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At least 24 people have lost their lives, nearly 500 million animals have perished and more than 12 billion acres of land — an area as large as Denmark — has turned to cinders as bushfires have ravaged large parts of Australia.

The fires, among the worst in the country’s history, have been raging since September and show no signs of abating.

Bushfires are actually a part of Australia’s ecosystem. Many plants depend on them to cycle nutrients and clear vegetation. In fact, eucalyptus trees in Australia depend on fire to release their seeds. But all this usually happens during a few weeks in late January-February, when the country is at its driest.

The prolonged blaze this year has coincided with Australia’s harshest summer. Parts of the country recorded their highest recorded temperature in December. Then, longer-term factors have been at play. Much of Australia is facing a drought that is a result of three consecutive summers with very little precipitation. This, according to climate scientists, is unprecedented

Australia is home to nearly 250 animal species, some of them like the koalas and kangaroos are not found elsewhere. But the region also has the highest rate of native animals going extinct over the past 200 years. The fires will aggravate this situation.

The fires have also caused a drop in the bird, rodent and insect populations. These creatures are the building blocks of the ecosystem and the fall in their population is bound to have long-term impacts. In Australia’s bushfires lie a warning about the complex ways in which climate variables interact.


Nankana Sahib is a city of 80,000 in Pakistan’s Punjab province, where Gurdwara Janam Asthan (also called Nankana Sahib Gurdwara) is located.

The shrine is built over the site where Guru Nanak, the founder of Sikhism, was believed to be born in 1469. It is 75 kms to the west of Lahore, and is the capital of Nankana Sahib district.

The city was previously known as Talwandi, and was founded by Rai Bhoi, a wealthy landlord. Rai Bhoi’s grandson, Rai Bular Bhatti, renamed the town ‘Nankana Sahib’ in honour of the Guru. ‘Sahib’ is an Arabic-origin epithet of respect.

Besides Gurdwara Janam Asthan, Nankana Sahib has several important shrines, including Gurdwara Patti Sahib, Gurdwara Bal Leela, Gurdwara Mal Ji Sahib, Gurdwara Kiara Sahib, Gurdwara Tambu Sahib — all dedicated to stages in the life of the first Guru.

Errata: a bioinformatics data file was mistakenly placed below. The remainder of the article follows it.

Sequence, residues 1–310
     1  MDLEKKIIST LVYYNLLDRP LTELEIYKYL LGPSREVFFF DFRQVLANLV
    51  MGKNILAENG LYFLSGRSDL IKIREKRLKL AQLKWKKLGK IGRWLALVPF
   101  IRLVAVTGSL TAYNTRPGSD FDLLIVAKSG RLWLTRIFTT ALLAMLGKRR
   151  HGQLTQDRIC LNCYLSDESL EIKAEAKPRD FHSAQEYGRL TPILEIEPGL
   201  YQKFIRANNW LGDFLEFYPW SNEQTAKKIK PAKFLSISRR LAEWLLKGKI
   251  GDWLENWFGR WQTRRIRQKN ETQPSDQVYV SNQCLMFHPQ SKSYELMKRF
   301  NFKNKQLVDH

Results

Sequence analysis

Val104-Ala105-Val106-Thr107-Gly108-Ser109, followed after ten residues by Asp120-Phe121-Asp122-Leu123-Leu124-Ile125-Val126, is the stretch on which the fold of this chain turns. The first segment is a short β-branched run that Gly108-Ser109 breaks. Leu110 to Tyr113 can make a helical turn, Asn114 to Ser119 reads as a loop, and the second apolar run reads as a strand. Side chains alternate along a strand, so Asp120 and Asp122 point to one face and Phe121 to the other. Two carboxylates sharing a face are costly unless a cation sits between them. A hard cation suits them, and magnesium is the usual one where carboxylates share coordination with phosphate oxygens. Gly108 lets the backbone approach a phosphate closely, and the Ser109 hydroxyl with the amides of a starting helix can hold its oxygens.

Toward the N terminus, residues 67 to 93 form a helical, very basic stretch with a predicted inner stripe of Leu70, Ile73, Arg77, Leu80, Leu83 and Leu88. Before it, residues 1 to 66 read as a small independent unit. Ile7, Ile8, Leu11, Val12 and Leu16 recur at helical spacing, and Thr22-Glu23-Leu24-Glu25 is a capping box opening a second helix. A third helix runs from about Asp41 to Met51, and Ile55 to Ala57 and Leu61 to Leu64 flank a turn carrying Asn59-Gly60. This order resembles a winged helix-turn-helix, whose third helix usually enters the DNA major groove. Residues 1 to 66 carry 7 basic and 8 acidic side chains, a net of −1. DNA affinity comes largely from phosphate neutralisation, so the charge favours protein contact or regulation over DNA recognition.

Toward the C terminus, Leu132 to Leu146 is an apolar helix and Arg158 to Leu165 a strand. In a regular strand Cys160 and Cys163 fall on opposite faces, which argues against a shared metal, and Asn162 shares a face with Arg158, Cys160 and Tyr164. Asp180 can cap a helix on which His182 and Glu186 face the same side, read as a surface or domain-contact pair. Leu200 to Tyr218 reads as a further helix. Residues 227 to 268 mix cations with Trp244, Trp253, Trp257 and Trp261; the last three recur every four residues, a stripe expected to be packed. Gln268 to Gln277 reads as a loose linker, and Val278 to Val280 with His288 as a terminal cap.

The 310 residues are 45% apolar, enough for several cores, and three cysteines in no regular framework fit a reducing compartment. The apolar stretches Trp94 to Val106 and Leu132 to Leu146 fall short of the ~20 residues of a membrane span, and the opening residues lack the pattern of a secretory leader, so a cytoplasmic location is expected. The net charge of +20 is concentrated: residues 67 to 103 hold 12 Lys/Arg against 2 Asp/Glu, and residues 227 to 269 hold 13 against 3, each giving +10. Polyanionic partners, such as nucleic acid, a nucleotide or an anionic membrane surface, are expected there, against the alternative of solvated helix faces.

There is also a Gurdwara in memory of Guru Arjan (5th Guru) and Guru Hargobind (6th Guru). Guru Hargobind is believed to have paid homage to the town in 1621-22.

The Janam Asthan shrine was constructed by Maharaja Ranjit Singh, after he visited Nankana Sahib in 1818-19 while returning from the Battle of Multan.

Until Independence, Nankana Sahib’s population had an almost equal number of Muslims, Sikhs, and Hindus, which since Partition has been predominantly Muslim.


The Great Indian Bustard (GIB), is one of the heaviest flying birds, and is found mainly in the Indian subcontinent. Barely 150 of these birds are estimated to be surviving now globally. However, a major conservation effort launched about four years ago is bringing a ray of hope.

Since June last year, nine GIB eggs collected from the Desert National Park in Jaisalmer where a conservation centre has been set up, have hatched, and the chicks are reported to be doing well. This is the largest number of hatchings reported within a six-month frame by any GIB conservation programme in the world, say officials.

The GIB is known to eat insects, harvested foodgrains, and fruit. “The uncontrolled use of pesticides and insecticides in farms has badly hit their food habitat,

The Ministry of Environment, Forest and Climate Change, and the Wildlife Institute of India (WII), Dehradun, are working to save the GIB. The Ministry has allotted special funds to the tune of Rs 33 crore, a part of which was used to set up the incubation and chick-rearing centre in Jaisalmer.

According to the WII report, the bird was once abundant in Kutch, Nagpur, Amravati, Solapur, Bellary, and Koppal districts in the states of Gujarat, Maharashtra, and Karnataka.

Globally and in India, high voltage power lines are a major threat to the GIB, the WII report says. The bird has poor frontal vision, which restricts it from spotting power lines early. “…About 15% of the population (dies) due to the power lines in Jaisalmer alone. This, in comparison to the natural cause of deaths contributed only 4% to 5% cases,” the report says.


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